Wipe off any adhesive left in the top hole.
Slide the shoe down over the baluster for a finished look.
Align the baluster so it is properly aligned.
Enjoy your new stairway.
Always wear safety glasses when operating power tools and use tools in the manner they were designed.
Neither Stairway Creations Supply or any of its employees assumes any liability for the installation of products purchased from our company. Installation instructions are general because each and every job will be different and certain conditions will have to be adapted to the individual situation. We assum no liability for use or misuse of any equipment or products.
Please make sure you comply with all building codes.
By: William Walley
This process is called by many names and it basically is a welding process that uses an arc to heat metal that needs to be joined. The welder uses a continuous feed filler metal (a consumable) electrode and this is used on the work-piece. This type of welding also must use a shielding that is provided by a gas or a mixture of gasses.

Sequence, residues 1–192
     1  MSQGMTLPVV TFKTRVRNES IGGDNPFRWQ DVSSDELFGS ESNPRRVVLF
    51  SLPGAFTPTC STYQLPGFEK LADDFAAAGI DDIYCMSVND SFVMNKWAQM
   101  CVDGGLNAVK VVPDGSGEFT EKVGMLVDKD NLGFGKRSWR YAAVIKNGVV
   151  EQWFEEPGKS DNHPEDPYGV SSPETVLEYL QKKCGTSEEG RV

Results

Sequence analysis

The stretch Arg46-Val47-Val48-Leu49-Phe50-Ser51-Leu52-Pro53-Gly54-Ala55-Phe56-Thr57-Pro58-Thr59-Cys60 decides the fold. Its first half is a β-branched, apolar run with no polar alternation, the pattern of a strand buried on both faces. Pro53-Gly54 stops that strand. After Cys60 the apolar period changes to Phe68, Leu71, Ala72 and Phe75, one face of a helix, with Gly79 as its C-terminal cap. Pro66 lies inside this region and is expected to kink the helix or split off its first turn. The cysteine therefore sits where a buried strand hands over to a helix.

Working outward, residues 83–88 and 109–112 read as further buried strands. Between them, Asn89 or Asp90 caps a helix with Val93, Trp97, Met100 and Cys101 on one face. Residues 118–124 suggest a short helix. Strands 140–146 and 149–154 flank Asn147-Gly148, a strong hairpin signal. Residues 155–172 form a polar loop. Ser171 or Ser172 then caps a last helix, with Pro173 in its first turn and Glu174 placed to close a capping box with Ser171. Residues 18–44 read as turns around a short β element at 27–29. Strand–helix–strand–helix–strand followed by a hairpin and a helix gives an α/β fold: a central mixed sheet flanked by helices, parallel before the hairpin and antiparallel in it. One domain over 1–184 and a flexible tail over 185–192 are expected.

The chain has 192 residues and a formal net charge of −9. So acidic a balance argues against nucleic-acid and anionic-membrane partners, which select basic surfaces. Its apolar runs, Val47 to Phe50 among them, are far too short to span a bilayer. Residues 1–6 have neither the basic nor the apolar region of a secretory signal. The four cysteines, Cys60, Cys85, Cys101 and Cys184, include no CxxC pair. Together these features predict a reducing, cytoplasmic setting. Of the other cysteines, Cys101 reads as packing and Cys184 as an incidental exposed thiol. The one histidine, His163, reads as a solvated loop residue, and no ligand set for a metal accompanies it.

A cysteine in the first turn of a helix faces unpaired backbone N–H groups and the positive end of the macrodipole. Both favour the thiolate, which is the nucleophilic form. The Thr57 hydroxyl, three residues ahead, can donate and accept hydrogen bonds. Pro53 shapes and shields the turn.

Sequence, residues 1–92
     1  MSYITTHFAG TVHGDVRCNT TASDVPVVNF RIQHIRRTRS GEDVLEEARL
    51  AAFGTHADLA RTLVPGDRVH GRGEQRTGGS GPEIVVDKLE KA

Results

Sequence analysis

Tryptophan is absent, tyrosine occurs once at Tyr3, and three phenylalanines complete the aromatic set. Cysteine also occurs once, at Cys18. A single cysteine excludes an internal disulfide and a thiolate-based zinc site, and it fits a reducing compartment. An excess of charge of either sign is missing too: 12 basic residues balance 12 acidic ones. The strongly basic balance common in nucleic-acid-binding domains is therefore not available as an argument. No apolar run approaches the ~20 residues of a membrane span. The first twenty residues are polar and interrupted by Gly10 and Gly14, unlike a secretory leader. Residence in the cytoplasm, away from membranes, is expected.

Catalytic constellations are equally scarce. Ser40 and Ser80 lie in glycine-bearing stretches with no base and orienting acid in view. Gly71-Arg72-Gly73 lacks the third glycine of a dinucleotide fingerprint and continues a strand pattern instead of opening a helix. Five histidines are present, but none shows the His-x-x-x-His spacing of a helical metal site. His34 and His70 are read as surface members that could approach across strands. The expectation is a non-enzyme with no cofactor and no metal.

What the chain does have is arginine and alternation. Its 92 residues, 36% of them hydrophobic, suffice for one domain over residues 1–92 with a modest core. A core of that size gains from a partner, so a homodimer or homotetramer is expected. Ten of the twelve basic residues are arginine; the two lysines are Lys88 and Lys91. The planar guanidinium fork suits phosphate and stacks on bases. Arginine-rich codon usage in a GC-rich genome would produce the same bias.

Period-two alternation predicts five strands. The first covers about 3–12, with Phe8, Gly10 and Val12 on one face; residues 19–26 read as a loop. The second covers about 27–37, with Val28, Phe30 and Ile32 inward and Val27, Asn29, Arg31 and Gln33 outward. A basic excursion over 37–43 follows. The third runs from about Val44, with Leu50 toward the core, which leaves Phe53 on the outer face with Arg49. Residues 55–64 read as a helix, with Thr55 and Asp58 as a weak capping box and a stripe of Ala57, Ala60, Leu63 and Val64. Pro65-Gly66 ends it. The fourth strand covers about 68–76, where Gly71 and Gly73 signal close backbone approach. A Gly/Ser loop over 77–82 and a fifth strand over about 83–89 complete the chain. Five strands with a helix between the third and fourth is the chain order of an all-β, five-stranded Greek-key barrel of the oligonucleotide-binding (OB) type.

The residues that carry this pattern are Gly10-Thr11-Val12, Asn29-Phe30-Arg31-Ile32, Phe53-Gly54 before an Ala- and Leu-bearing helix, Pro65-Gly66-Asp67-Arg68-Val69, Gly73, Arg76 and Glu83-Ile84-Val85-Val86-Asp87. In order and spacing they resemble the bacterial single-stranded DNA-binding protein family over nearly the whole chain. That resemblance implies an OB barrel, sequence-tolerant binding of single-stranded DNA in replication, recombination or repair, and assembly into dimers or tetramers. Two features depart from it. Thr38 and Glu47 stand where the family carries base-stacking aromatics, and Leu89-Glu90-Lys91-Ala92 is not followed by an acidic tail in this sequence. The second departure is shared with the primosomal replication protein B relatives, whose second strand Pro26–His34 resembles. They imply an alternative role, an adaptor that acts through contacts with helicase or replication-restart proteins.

This type of welding is also called short circuit transfer. In the MIG process, when the wire actually touches the metal to be connected, it lets go of the metal that does the welding. This makes sure that metal doesn’t transfer across an arc so there is no puddling.
Also known as gas metal arc welding, the MIG(GMAW) process uses a metal gun to provide this service instead of a torch so that you get a direct current going to the metal. You can use both constant current and alternating current systems to also produce this method of welding.
GMAW uses four ways to transfer metal. These are: